Nurse, Heal Thyself – Spiritual Practices in the Midst of a Pandemic

For nurses on the frontline, the COVID-19 pandemic has been especially disparaging, challenging and even life altering. Nurses have worked extremely long hours faced not only with the excessive, increased number of deaths of their patients, who were dying alone, but also grieved the loss of coworkers. Researchers explored the use of spirituality and religion in nurses on the frontline as a way to find purpose and meaning in life, especially during times of heightened stress and uncertainty.

As COVID-19 and Online Misinformation Spread, Children and Teens Were Poisoned with Hand Sanitizer and Alcoholic Drinks

During the early months of the COVID-19 pandemic, as false health information spread on social media, the number of children and teens poisoned with hand sanitizer or alcoholic beverages surged in Iran. These poisonings resulted in hundreds of hospitalizations and 22 deaths. Misinformation circulating on social media included the false suggestion that consuming alcohol (methanol) or hand sanitizer (ethanol or isopropyl alcohol) protected against COVID-19 infection (it does not). A major alcohol poisoning outbreak sickened nearly 6,000 Iranian adults, of whom 800 died. It was not known, however, to what extent children and adolescents were affected. For the study in Alcoholism: Clinical & Experimental Research, investigators compared pediatric hospitalizations for ethanol and methanol poisoning during the early COVID-19 pandemic in Iran with the same period the previous year. They also looked at types of exposure and how those were linked to the children’s ages and clinical outcomes.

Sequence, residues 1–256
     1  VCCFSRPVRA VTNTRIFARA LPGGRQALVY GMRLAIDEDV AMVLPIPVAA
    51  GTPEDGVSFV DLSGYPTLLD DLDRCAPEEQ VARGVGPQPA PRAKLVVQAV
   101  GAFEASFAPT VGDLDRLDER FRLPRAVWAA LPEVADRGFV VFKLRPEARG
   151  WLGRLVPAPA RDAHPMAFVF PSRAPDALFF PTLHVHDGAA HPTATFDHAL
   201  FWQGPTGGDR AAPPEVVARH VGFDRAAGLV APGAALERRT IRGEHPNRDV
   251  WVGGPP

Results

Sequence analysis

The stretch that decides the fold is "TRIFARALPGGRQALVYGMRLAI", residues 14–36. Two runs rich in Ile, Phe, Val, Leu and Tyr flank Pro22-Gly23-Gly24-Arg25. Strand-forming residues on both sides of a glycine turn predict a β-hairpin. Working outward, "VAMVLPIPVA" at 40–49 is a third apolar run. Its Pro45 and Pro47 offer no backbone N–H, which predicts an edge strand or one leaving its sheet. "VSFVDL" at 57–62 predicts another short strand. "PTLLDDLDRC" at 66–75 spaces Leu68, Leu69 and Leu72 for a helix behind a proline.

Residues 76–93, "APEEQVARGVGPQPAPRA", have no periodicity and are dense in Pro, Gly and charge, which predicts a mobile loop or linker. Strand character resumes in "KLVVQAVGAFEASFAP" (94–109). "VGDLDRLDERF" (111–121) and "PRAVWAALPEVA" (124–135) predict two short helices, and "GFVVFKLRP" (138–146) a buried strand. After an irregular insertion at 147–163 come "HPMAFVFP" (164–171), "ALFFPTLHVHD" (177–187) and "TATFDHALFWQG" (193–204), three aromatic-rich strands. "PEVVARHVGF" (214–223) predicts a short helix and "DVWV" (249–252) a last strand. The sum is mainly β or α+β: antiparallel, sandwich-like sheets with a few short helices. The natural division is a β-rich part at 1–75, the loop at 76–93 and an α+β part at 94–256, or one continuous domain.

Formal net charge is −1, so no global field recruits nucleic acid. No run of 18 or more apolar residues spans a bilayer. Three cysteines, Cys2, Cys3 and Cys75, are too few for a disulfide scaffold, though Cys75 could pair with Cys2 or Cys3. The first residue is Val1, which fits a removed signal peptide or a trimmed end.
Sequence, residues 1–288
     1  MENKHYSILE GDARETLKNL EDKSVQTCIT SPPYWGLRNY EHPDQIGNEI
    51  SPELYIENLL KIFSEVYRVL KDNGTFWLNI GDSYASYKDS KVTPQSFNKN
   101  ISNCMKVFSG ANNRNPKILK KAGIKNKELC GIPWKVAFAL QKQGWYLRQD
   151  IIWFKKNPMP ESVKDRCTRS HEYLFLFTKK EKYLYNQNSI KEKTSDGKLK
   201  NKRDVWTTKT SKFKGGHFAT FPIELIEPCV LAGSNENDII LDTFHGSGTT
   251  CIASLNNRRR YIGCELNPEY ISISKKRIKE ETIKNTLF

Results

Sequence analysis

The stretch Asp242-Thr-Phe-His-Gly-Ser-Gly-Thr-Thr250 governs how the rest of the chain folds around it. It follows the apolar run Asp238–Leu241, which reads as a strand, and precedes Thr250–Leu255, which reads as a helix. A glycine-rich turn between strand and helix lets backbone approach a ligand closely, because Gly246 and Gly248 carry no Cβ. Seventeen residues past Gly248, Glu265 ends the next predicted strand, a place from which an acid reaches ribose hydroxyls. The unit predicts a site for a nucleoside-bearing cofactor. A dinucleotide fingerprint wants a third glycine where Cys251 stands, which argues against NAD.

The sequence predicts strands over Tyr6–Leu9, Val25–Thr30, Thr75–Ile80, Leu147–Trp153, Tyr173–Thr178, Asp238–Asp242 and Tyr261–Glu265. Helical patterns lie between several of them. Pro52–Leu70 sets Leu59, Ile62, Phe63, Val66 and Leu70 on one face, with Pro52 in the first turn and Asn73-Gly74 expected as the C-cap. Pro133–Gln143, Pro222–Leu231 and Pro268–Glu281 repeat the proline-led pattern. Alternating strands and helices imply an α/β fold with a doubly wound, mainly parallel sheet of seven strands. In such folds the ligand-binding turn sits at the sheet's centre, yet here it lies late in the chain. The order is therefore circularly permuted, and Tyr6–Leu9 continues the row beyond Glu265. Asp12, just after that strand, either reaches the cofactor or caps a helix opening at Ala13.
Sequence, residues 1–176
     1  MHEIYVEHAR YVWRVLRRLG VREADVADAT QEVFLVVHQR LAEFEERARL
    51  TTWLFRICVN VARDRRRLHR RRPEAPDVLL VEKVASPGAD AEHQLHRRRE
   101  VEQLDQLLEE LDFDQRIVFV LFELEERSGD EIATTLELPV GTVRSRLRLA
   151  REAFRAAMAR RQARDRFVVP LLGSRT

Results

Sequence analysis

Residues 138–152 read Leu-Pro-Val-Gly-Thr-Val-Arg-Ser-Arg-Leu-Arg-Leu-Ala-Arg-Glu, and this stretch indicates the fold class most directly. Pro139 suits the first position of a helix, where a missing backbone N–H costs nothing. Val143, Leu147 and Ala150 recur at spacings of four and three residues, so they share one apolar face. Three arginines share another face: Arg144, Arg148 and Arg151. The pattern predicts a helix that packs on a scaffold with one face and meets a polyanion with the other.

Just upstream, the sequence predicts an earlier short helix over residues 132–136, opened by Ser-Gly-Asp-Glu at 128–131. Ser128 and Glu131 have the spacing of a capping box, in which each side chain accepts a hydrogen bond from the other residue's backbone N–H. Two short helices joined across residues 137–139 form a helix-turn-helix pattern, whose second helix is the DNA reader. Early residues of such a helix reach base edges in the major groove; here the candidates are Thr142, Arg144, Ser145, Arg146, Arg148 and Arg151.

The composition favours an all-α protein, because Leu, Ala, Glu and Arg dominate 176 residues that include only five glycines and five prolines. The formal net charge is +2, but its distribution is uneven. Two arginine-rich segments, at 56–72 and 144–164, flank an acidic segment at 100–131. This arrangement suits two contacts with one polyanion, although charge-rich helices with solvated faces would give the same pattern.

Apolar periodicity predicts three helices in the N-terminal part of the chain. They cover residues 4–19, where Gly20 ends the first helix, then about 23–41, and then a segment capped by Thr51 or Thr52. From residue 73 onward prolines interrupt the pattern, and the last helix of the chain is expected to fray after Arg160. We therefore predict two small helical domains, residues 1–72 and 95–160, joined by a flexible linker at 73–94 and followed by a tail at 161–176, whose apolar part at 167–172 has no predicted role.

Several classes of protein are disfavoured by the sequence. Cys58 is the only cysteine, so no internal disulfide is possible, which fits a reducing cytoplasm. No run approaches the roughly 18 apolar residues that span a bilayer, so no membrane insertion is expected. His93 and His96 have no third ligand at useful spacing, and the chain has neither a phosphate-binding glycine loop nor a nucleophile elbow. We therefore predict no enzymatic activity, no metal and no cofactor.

Deaths in the family can shape kids’ educational attainment in unexpected ways

Deaths of family members may trigger ripple effects across family networks, reverberating in the lives of children in complex and, sometimes, unexpected ways.

In a study, the researchers found that deaths in the family can affect the educational attainment of children. That impact most often is negative, but, in certain cases, a family death can improve the chances that children will further their education.

UAB among first in the U.S. to offer clinical trial for the treatment of patients with severe COVID-19 using nitric oxide

iNO has been used for the treatment of failing lungs, but it was also found to have antiviral properties against coronaviruses.The University of Alabama at Birmingham has been selected to begin enrolling patients in an international study assessing the use of inhaled nitric oxide (iNO) to improve outcomes for COVID-19 patients with severely damaged lungs.

New in the Hastings Center Report: A call to confront mistrust in the US health care system

“For those who have faced exploitation and discrimination at the hands of physicians, the medical profession, and medical institutions, trust is a tall order and, in many cases, would be naïve,” writes Laura Specker Sullivan in “Trust, Risk, and Race in American Medicine.”

Intermittent Fasting Increases Longevity in Cardiac Catheterization Patients

In a new study by researchers at the Intermountain Healthcare Heart Institute in Salt Lake City, researchers have found that cardiac catheterization patients who practiced regular intermittent fasting lived longer than patients who don’t.

HOW MEASLES WIPES OUT THE BODY’S IMMUNE MEMORY

Study shows measles wipes out 20 to 50 percent of antibodies against an array of viruses and bacteria, depleting a child’s previous immunity
Measles-ravaged immune system must “relearn” how to protect the body against infections
Study details mechanism and scope of this measles-induced “immune amnesia”
Findings underscore importance of measles vaccination, suggesting those infected with measles may benefit from booster shots of all previous childhood vaccines